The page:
Hypothesis of the Universe

Hypothesis of the Universe


A Hypothesis on the Universe

Through Helical Motion

By

Tasha Baran

4/19/2017

I intend to start with a disclaimer.

I am neither physicist nor a scientist of any sort. I am a college freshman turning sophomore when the Spring semester comes to an end.

My knowledge is limited, though I am eager to learn.

 

What I write here now, are thoughts that have passed through my mind in what I can only describe as a profound moment of clarity.

 

Though they may be wrong from the start, or even proven wrong through honest research and experimentation, I would still like to express them to my fullest capacity.

 

In a cold sweat (one might exaggerate), I had a sudden epiphany that froze me where I lay. My eyes unblinking and filled with amazed fascination at the thought that had suddenly crossed my mind.

A universal theory that explains light, expansion and contractions of the universe, and perhaps the motions of dimensions and time. (A sudden epiphany if you will, though its merit is left to be tested.)

I have been encouraged by several individuals in my life to share these thoughts and so I hope this does not prove to be wasteful, though I do not imagine the gaining of knowledge as wasteful by any degree.

Therefore, I hope this is taken seriously enough, to warrant more than idle fascination by peers, but also taken with a grain of salt, as it comes from an individual (myself) who has no experience in the matter of physics.

 

 

Firstly, I must define a term I will be using often.

The reason for doing so is that my definition is quite different from the recognized definition. This term from this point on is that of “Event Horizon”.

This has been recognized as a concept surrounding black holes, and that is the limit of my experience with it.

From this point on (yes that what intentional), I define it simply by its base terms, that is, “Event” a thing that happens especially one of importance, and “Horizon” the line at which the earth’s surface and the sky appear to meet, and the limit of a person’s mental perception, experience, or interest.

In this regard, we will use both definitions of “Horizon” to fully express the idea which I wish to convey. NOT interchangeably but rather simultaneously, and further combined with the term “Event” for the purposes of my overall explanation.

 

 

I believe, that perhaps, the universe and all its macro and microcosmic dimensionality runs in a helical motion. Much like a spring, or for the people less inclined to visualization, a slinky.

I find it baffling that people view everything we face as if it were a flat plane.

Anyway, to my point, during my state of clarity I concluded that light waves move helically.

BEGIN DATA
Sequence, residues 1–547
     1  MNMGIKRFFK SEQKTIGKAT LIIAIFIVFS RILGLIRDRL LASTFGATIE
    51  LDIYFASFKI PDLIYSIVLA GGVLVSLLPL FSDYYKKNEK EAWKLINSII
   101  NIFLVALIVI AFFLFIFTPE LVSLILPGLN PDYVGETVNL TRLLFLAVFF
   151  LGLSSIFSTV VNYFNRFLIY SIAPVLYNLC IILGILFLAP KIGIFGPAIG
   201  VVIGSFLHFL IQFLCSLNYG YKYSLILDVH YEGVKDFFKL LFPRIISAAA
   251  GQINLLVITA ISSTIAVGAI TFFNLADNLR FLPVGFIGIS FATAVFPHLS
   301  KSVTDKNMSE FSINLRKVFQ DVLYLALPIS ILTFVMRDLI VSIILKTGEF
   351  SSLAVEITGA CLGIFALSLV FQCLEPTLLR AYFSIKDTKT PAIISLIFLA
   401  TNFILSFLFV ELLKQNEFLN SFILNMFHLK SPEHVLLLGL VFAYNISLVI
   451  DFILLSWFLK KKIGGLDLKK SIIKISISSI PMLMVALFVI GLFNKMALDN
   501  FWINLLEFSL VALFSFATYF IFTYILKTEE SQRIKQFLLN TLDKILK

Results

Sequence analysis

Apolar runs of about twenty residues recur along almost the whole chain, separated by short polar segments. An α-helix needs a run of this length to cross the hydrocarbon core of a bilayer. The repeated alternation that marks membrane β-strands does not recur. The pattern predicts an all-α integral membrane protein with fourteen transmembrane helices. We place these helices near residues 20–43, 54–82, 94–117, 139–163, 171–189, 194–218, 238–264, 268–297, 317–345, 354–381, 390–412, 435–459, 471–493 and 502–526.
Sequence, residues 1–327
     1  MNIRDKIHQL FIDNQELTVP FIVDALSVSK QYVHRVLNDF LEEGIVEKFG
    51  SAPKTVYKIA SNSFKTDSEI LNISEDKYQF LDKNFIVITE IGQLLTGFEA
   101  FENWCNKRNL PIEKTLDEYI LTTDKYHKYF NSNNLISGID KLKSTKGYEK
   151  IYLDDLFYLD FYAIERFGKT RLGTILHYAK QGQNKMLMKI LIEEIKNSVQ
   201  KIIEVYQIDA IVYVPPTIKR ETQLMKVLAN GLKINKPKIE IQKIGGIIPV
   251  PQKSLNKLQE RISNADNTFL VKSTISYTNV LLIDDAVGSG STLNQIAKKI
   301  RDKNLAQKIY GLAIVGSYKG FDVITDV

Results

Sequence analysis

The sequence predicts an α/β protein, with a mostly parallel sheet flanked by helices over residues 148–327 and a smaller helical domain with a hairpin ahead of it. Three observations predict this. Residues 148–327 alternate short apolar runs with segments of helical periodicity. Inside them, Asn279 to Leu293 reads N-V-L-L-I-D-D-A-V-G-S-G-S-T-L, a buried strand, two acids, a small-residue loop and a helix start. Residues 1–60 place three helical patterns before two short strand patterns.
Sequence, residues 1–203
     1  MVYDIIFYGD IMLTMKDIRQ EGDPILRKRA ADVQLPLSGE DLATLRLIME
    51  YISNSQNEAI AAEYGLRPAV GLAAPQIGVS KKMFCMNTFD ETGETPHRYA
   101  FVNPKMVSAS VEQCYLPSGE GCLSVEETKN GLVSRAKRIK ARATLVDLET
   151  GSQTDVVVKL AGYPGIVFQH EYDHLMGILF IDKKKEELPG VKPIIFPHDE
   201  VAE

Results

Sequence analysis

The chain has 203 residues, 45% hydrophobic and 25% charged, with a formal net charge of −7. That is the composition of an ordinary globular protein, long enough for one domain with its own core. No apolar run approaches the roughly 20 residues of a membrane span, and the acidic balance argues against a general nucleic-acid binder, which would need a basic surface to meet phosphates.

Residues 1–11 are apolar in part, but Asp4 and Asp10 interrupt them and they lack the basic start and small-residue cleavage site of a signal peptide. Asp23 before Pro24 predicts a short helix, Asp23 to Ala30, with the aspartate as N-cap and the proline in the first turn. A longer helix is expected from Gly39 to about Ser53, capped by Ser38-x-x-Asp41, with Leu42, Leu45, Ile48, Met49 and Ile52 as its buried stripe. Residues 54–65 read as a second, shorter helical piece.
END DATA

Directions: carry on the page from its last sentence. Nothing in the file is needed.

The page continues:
At the time, I thought it was a unique idea but as I write this I took the time and effort to investigate and it is not quite a unique conclusion. There are several articles that will pop up if you search for it.

The shorthand idea is that light waves when viewed from the side are like viewing a spring (or slinky) from the side. Better yet to express this idea is to hold said spring (or slinky) in front of a light source so that it may cast a shadow.

You will notice that as you rotate the desired helix of your choice, whether it be spring or slinky, the shadow moves much the same way that light waves are depicted.

Now this is fine and dandy in a longitudinal sense, but certain parties I’ve discussed the topic with insist that this does not explain transverse waves.

I believe it does.

Pick a point, any point on the helix of your choice, and proceed to rotate. You’ll notice that the desired point will arrive in different locations, that is, it is moving up and down, and left and right (which from a 2D perspective comes out to every space in-between absolute top and absolute bottom).

Knowing this, I believe transverse motion is relative. It requires a point of reference.

 

Now how is this important to my hypothesis?

I believe the universe itself moves in this same time of helical motion. Spiraling on a macrocosm (and microcosm) beyond the human ability to comprehend it. Truly, humanity fears infinity.

 

As we travel through this universal helix structure, every moment we pass thousands, millions, billions of event horizons (as I have defined them.)

Through time and through space, we are crossing an infinite threshold that is without boundary.

What causes this?

Motion itself. Interactions on a scale so vastly small that we cannot hope to perceive. It is the distance between 0 and 1. It is the whole of the universe within a grain of sand. That which is infinite, is by virtue of infinity, endlessly minuscule, and endlessly massive.

One might argue that we can find the boundary of the known universe. That seems rather contradictory though. “Known” universe, it and of itself, implies something unknown, ergo beyond our grasp.